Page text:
further complicate research on amphibian declines (Rouse et al. 1999; Hayes et al. 2002).

In addition, most studies focus on individual agents and their effects on amphibians rather

than including multiple agents in the study. This is important since agents most likely

work synergistically to adversely affect amphibian populations (Rouse et al. 1999). It is

necessary to study these effects since amphibians are important predators and prey in









their ecosystems. Such studies are also necessary to effectively conserve and monitor

amphibian populations (Hecnar 1995).

Nitrate Fertilizers

Although nitrogen enters ecosystems from sewage effluents, industrial waste, urban

runoff, atmospheric deposition, and livestock feed lots, agricultural application of

nitrogen-based fertilizers remains the major nonpoint source of nitrates in the

environment (Camargo & Ward 1995; Carpenter et al. 1998; Rouse et al. 1999).

Nitrogen fertilizers are widely used in the United States and Canada. In less than 50

years, the use of nitrogen fertilizer in the United States has increased from 0.45 million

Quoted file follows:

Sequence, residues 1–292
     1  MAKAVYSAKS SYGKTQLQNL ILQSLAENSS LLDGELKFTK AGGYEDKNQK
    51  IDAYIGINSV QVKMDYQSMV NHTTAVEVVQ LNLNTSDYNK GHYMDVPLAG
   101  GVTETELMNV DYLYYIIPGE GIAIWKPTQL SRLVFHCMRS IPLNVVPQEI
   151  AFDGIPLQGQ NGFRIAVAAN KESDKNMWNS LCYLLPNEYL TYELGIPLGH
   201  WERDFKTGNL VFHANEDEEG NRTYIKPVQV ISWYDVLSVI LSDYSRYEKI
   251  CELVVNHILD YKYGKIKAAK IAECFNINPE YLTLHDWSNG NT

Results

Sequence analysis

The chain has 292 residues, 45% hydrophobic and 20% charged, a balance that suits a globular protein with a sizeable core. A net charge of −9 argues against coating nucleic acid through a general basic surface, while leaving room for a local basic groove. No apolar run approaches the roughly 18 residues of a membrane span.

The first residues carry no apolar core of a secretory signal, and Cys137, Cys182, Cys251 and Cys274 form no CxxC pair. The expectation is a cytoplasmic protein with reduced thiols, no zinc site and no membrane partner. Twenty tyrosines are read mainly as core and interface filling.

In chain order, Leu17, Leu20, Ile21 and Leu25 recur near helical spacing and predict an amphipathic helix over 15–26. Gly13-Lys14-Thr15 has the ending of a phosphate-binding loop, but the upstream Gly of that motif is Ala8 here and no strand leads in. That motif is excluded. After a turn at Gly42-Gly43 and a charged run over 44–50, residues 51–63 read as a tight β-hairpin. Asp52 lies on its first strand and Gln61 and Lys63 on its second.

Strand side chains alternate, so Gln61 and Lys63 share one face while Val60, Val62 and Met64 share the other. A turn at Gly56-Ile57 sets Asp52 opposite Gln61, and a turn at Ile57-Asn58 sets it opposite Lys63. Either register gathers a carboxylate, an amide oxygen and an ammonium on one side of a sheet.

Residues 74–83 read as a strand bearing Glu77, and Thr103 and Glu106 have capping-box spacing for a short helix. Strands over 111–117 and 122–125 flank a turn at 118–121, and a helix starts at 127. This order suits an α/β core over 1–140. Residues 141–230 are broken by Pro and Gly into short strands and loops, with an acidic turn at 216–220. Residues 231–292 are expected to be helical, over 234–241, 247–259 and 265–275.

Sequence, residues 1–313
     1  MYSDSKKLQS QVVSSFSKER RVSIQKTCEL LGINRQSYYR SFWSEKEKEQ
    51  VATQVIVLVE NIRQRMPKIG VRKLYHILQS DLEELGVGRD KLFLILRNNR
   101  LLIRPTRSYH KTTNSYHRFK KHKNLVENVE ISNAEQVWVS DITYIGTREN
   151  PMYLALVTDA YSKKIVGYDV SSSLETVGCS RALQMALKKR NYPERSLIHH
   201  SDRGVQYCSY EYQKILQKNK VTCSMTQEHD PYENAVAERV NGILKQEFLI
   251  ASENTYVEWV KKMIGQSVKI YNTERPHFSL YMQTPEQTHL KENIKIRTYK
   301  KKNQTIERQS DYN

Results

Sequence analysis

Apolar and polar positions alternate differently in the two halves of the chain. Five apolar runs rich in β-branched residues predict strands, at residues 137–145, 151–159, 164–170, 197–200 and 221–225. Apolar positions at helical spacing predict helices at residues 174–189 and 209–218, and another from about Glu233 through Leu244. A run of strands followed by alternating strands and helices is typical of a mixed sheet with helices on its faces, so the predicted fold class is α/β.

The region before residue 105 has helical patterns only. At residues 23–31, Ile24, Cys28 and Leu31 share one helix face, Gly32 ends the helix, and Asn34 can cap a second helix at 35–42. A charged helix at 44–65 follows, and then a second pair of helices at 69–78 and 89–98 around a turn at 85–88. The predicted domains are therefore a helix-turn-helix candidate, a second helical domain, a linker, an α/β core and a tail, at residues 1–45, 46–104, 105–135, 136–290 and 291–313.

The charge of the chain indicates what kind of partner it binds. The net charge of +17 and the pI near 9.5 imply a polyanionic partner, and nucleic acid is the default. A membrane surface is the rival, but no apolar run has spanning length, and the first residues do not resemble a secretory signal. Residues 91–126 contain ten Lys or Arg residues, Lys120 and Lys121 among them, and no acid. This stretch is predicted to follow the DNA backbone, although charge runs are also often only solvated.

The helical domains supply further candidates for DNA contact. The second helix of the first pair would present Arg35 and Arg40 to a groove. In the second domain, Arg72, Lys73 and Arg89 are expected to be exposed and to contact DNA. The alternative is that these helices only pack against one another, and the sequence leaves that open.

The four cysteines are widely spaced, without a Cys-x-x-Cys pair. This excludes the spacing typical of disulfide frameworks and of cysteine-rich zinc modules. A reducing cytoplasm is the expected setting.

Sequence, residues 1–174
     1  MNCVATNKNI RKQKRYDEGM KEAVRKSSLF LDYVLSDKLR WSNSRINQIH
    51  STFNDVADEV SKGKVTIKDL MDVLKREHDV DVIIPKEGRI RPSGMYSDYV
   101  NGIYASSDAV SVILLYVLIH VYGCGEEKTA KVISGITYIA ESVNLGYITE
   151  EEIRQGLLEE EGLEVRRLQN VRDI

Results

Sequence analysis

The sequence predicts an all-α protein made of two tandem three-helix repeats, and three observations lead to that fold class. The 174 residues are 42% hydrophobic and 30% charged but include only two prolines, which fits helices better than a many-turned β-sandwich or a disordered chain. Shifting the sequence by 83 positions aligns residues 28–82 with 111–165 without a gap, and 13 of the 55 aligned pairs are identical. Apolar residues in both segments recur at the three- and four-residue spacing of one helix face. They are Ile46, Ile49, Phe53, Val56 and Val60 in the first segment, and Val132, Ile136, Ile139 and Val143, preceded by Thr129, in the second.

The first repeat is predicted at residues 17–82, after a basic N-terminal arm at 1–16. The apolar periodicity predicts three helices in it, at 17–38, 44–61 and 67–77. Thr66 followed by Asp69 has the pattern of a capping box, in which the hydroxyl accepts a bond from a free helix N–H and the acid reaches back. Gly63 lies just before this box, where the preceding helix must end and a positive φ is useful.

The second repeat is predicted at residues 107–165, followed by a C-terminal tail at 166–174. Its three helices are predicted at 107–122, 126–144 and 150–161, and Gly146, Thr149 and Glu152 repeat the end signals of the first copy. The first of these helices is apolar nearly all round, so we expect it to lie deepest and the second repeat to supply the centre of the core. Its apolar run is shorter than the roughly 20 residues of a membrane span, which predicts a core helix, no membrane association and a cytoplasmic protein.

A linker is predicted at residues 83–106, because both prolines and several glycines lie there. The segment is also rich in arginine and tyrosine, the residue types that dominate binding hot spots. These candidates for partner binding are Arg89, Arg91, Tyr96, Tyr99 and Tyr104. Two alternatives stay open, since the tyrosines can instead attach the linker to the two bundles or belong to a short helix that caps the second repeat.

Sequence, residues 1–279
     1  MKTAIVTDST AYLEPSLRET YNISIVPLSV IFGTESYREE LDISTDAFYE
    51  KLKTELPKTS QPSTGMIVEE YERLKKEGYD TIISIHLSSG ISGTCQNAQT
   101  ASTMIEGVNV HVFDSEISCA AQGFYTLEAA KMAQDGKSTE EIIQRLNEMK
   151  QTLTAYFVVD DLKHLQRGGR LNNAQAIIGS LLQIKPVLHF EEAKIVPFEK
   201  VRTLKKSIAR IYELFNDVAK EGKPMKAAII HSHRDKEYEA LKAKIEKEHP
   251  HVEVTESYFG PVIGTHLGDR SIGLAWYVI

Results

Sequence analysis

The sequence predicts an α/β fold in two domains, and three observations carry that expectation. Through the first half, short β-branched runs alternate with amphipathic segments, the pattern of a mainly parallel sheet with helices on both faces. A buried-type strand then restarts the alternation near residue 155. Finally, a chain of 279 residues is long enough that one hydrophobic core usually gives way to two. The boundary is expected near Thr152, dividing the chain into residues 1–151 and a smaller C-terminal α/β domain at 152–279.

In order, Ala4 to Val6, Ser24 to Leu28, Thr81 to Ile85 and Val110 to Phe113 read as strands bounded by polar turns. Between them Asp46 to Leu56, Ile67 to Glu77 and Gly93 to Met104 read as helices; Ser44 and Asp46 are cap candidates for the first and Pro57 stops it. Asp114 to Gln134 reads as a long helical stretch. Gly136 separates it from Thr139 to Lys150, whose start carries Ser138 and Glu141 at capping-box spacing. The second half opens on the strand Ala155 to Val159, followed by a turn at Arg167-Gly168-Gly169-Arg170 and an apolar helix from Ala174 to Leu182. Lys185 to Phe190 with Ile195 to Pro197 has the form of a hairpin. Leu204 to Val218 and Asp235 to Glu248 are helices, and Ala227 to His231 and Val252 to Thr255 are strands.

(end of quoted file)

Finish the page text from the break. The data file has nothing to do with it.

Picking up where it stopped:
metric tons to more than 9.98 million tons (Lanyon 1995). Nitrogen becomes present at

high levels in aquatic systems as ammonia, ammonium ion, nitrite, and nitrate. The most

common form of nitrogen found in fertilizers is ammonium nitrate, NH4N03 (Oldham et

al. 1997).

Fertilizers are applied to agricultural crops to provide them with nitrogen,

phosphate, and potassium needed for plant growth. Agricultural operations tend to apply

more fertilizer than necessary to the landscape, and the crops are not able to absorb all of

the nutrients in the fertilizer (Hecnar 1995). This excess fertilizer is either washed (via

runoff) into aquatic habitats where embryos and larvae develop; or penetrates the soil and

ultimately contaminates groundwater (Hecnar 1995). Safe levels of nitrate in

groundwater for humans have been designated at 10 mg/L nitrate (Camargo & Ward

1995). Exceeding this level may result in methemoglobinemia (blue-baby syndrome),

cancer in humans, or neural tube defects in infants (Hecnar 1995; Rouse et al. 1999;